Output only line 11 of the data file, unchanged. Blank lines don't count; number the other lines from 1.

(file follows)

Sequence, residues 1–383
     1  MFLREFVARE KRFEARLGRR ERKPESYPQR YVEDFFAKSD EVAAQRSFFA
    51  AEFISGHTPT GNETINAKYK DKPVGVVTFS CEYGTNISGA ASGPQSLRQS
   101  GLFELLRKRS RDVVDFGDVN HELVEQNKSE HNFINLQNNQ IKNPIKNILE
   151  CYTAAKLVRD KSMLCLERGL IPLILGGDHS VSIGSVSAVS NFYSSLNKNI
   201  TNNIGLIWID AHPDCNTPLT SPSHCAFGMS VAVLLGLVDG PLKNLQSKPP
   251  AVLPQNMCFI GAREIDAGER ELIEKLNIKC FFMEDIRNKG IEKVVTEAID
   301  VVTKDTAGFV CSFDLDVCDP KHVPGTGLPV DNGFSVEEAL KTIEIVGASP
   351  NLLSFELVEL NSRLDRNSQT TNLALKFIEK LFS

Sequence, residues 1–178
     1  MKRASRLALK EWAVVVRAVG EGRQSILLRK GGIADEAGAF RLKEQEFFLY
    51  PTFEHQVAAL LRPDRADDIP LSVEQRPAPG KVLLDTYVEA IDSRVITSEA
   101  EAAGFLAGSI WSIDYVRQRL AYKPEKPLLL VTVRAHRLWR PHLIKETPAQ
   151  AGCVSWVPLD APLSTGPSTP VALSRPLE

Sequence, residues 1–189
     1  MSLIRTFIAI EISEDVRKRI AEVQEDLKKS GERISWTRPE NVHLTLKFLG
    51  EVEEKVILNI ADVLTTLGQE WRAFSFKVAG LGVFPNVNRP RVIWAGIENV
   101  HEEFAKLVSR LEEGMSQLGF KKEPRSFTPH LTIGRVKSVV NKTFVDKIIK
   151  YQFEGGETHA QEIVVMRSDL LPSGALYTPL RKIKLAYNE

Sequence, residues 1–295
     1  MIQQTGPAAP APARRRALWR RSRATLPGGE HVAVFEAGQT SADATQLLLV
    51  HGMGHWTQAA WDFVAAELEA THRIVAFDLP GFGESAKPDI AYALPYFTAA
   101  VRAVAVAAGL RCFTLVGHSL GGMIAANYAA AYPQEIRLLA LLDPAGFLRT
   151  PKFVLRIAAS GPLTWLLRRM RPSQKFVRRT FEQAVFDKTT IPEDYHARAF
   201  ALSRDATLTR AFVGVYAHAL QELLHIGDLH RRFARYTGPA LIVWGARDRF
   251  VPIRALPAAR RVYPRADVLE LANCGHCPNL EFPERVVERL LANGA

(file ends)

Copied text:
     1  MKRASRLALK EWAVVVRAVG EGRQSILLRK GGIADEAGAF RLKEQEFFLY